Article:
This could be resolved by renewed commitment to the idea but, worryingly, there is not a single mention of Catapults in the Plan for Growth, although a government review is purportedly underway. The Catapults should be properly funded and integrated more closely with LEPs. Other initiatives, such as the Knowledge Exchange Framework, to strengthen links between business and academia, and the Challenge Funds, to direct resources to tackle broad themes like clean growth, are also operational. But these have also been too underfunded to crowd in much private-sector funding.[_]
Moreover, there is little point in creating these institutions and building such linkages if they are prone to being cancelled or privatised by an incoming government or business secretary with a reputation to burnish. Instead, creation and maintenance of these sorts of bodies should be entirely depoliticised and placed under the auspices of the Office for Industrial Strategy.
Levelling up through new industries:
While levelling up is a key government priority, the methods chosen to tackle it (infrastructure and connectedness) will likely be only partially successful. More attention must be paid to issues of economic governance and fostering supply chains in new industries.
Regional disparities in productivity in the UK are among the highest in Europe, producing a highly uneven distribution of well-paying jobs and opportunities.[_] The Brexit vote and underlying polarisation revealed by the 2019 General Election result underlined the political consequences of ignoring these inequalities. The extent of these divisions means economic and industrial policies are of increasing political salience, and the government has made levelling up a key part of its agenda.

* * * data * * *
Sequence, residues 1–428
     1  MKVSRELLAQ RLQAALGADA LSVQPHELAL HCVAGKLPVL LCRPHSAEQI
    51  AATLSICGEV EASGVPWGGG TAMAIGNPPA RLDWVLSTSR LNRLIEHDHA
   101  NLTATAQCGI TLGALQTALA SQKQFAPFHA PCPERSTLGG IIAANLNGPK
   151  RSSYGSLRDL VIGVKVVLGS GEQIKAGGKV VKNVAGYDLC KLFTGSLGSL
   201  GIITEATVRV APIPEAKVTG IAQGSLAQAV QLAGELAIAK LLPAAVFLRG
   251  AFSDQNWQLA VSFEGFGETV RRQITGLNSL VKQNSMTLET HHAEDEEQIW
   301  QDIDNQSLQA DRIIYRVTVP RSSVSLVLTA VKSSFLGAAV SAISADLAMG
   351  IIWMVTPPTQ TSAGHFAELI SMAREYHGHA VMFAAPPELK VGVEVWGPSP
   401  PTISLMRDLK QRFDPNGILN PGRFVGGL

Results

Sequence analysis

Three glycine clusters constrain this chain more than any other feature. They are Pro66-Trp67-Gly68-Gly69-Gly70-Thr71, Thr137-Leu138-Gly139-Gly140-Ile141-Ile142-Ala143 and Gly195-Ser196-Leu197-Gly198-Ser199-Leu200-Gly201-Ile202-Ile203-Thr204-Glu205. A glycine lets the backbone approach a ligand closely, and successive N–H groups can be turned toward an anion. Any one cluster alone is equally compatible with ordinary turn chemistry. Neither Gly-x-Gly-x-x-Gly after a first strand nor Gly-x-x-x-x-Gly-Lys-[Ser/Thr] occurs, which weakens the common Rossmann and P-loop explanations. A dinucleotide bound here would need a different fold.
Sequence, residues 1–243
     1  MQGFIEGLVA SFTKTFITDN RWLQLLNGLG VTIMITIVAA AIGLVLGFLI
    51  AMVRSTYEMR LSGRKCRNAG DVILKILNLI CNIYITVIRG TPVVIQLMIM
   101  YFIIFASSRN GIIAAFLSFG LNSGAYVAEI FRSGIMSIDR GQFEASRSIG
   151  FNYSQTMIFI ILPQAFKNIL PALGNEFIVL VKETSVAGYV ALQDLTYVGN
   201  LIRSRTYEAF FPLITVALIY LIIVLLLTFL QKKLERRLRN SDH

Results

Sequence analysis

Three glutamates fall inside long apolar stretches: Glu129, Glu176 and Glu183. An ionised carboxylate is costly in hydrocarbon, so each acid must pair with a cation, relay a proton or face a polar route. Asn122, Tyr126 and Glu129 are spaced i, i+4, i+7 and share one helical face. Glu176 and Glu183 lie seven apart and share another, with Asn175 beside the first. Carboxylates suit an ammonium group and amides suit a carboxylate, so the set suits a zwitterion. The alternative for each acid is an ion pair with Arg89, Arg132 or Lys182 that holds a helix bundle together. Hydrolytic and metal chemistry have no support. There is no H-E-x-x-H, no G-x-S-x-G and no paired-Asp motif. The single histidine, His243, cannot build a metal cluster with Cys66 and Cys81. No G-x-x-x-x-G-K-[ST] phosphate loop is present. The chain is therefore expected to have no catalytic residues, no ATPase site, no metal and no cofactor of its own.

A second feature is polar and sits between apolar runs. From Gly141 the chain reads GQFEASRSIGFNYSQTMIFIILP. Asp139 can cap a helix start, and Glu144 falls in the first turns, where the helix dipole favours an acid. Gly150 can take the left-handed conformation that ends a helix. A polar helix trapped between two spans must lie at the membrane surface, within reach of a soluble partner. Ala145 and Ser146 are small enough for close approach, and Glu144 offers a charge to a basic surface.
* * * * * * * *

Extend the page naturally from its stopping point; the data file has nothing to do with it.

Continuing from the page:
However, this is a particularly intractable policy challenge that will not be solved by better infrastructure and connectivity alone, the main thrust of current policy (important though these are). The failure to level up has a number of causes, including the lack of any clear long-term development strategy for lagging regions; inadequate resources devoted to the task; lack of consistency and continuity of the institutions for delivering regional industrial policy; and executive overcentralisation.
The past decade has seen a plethora of interventions – from the Local Growth Fund, to City Deals, to growth deals – that have been implemented in an ad hoc way, lacking strategic coherence.[_] Swingeing cuts to local authority budgets have also contributed to feelings in many regions of having been left behind. This has been compounded by the unequal concentration of investment spending, with London receiving more than twice as much capital investment per person than the East Midlands.[_]
The ISC had criticised the incoherent approach to regional policy before its abolition, arguing that “scale and longevity” are essential for delivering industrial policy at a regional level.[_] But it is difficult to see how these can be achieved through the current policy framework.